Low education, low income, and rural location were common among CVD survivors [37], which indicated a lower equity of needs and resource allocation to EMS [38, 39] and a poor capacity to curb the stroke burden [40, 41]. Additionally, our study demonstrated that only having ≥4 avenues for gaining knowledge on stroke was associated with calling EMS, indicating that the CVD survivors were not sensitive to solitary education campaigns, while multiple avenues showed synergistic effects [26]. Unfortunately, nearly half of CVD survivors with high recurrent risk had only one avenue to learn about stroke. With the availability of point-to-point functions, Internet-related avenues appear to be more appropriate to educate specific groups, but the Internet usage rate was extremely low among Chinese CVD survivors [26, 35, 42]. Finally, since CVD survivors face extremely high prevalence of risk factors, it is better to make them recognize that good control of these modifiable risk factors can reduce stroke risk [28], and that timely and proper response to stroke onset is critical to improving the outcome [36]. Thus, we should consider these unique and unfavorable points when launching education programs for Chinese CVD survivors.

Although ESRS predicts recurrent stroke risk, it could not be applied to our study directly [22]. Our model was partially different from ESRS, which might incur bias in predicting recurrent stroke risk. But, we found that prevalence of modifiable risk factors increased with stroke risk score, which indicated that CVD survivors with high stroke risk score might have highest odds to recurrent stroke [28].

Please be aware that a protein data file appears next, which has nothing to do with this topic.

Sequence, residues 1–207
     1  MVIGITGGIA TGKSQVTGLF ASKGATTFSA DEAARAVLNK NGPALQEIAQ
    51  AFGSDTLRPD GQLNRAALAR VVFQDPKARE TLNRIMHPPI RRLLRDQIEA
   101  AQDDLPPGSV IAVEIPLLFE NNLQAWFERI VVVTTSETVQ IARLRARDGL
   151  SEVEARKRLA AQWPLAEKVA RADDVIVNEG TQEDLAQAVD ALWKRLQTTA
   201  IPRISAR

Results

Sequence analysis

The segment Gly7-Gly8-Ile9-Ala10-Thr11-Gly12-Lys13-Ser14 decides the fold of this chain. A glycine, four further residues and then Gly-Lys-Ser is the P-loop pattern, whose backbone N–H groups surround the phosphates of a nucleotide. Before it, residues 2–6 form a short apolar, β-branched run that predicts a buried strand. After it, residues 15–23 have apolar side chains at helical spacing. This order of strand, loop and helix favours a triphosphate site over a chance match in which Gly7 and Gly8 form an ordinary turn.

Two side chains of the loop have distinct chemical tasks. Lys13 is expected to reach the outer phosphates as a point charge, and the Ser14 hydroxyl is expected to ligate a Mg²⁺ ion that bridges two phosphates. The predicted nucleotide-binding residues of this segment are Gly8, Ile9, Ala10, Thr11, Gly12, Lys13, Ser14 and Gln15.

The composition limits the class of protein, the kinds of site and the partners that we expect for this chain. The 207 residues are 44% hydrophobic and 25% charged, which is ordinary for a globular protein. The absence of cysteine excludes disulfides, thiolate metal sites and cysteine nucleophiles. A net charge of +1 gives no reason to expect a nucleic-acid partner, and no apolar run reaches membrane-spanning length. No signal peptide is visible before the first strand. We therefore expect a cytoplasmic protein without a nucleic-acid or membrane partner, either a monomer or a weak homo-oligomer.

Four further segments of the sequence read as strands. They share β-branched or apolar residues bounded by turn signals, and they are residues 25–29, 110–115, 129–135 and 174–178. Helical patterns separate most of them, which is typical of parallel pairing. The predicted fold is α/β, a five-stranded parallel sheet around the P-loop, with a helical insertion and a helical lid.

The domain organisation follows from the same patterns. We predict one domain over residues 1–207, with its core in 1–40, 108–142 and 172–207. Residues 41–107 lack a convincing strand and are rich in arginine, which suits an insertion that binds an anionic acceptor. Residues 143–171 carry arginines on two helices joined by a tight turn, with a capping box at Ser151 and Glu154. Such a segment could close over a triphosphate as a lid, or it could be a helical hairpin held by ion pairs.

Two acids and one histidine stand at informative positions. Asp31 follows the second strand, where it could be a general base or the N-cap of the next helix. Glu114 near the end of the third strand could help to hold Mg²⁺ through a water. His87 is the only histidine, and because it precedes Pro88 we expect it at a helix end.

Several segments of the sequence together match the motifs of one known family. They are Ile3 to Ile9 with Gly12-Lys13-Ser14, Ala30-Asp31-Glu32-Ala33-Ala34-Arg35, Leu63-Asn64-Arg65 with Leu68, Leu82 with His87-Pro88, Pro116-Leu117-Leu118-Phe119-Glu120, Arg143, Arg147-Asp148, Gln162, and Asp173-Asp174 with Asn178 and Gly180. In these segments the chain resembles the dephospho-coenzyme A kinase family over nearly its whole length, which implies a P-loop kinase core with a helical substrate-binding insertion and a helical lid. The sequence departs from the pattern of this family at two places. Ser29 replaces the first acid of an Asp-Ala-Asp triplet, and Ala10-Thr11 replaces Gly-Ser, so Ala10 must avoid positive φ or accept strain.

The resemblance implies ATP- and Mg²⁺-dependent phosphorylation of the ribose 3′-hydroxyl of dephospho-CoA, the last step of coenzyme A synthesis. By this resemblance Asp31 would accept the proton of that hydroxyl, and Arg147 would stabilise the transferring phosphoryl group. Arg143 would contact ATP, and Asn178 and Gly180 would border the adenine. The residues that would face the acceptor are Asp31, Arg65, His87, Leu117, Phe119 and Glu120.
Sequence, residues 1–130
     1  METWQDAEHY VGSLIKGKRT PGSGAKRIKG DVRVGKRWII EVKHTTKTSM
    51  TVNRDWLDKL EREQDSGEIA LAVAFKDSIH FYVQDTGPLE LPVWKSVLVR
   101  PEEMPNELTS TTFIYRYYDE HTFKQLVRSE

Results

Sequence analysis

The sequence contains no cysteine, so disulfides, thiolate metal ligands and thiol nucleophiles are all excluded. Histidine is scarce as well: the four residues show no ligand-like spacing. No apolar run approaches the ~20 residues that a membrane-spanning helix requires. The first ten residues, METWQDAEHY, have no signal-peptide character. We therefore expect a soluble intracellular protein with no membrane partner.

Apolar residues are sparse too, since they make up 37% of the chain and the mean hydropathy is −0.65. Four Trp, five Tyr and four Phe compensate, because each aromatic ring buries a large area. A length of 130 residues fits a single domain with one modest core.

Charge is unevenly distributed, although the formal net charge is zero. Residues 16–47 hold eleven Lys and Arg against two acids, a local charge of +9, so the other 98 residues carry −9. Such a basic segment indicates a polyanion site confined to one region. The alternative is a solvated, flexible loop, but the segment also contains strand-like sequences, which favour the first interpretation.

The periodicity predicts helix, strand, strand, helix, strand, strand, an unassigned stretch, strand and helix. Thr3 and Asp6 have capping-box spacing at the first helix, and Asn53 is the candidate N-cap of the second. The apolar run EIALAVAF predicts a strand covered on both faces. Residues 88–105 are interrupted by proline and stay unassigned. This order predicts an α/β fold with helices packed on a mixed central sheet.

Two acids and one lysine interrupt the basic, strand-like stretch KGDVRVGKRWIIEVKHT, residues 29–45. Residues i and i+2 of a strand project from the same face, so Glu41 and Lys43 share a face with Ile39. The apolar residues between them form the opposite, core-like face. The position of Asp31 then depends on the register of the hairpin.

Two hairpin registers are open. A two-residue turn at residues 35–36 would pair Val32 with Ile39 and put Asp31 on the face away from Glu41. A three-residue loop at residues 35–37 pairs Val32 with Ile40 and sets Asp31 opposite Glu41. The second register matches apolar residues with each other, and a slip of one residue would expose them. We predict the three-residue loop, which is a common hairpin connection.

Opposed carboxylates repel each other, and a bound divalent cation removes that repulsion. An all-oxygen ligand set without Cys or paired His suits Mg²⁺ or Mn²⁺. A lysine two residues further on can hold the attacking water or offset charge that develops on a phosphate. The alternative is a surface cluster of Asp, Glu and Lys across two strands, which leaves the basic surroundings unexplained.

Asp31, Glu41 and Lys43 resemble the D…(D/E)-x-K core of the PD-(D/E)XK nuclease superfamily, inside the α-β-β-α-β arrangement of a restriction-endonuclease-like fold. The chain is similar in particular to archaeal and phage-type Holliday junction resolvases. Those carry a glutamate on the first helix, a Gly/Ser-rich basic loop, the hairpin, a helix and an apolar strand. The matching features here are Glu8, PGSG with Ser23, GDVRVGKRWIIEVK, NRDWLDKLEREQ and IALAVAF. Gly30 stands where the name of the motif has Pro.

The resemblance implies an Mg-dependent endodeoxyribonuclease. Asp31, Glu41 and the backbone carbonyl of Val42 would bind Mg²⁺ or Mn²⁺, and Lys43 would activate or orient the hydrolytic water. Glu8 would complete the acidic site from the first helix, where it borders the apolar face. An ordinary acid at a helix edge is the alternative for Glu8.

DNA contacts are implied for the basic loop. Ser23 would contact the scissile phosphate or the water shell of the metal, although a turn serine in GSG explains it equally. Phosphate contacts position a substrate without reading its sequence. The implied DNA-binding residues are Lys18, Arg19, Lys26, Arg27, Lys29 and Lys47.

The multistage nonrandom sampling design of this study and the selection from CNSSS was biased, although screening sites in urban and rural areas were selected in a 1:1 ratio [19]. Moreover, the prediction of recurrent stroke risk is complex and includes extensive risk factors. However, we only selected several factors to assess the risk for recurrent stroke. Therefore, the influence of other factors remained uninvestigated, such as the stenosis of intracranial artery [43]. Finally, further study is needed for the effect of stroke risk on patients’ response to stroke onset, which could optimize our strategy for stroke education.


Our study found that stroke recognition and intent to call EMS in response to stroke-related symptoms were low among Chinese CVD survivors, and did not improve with stroke risk. CVD survivors had various recurrent stroke risks, but showed similar knowledge of stroke. Enhanced stroke education on stroke recognition and proper response should be made according to recurrent stroke risk of CVD survivors.

Availability of data and materials

The data sets in this study are available from the corresponding author on reasonable request.



Atrial fibrillation


Acute ischemic stroke


Body mass index


Correct action rate


Cerebrovascular disease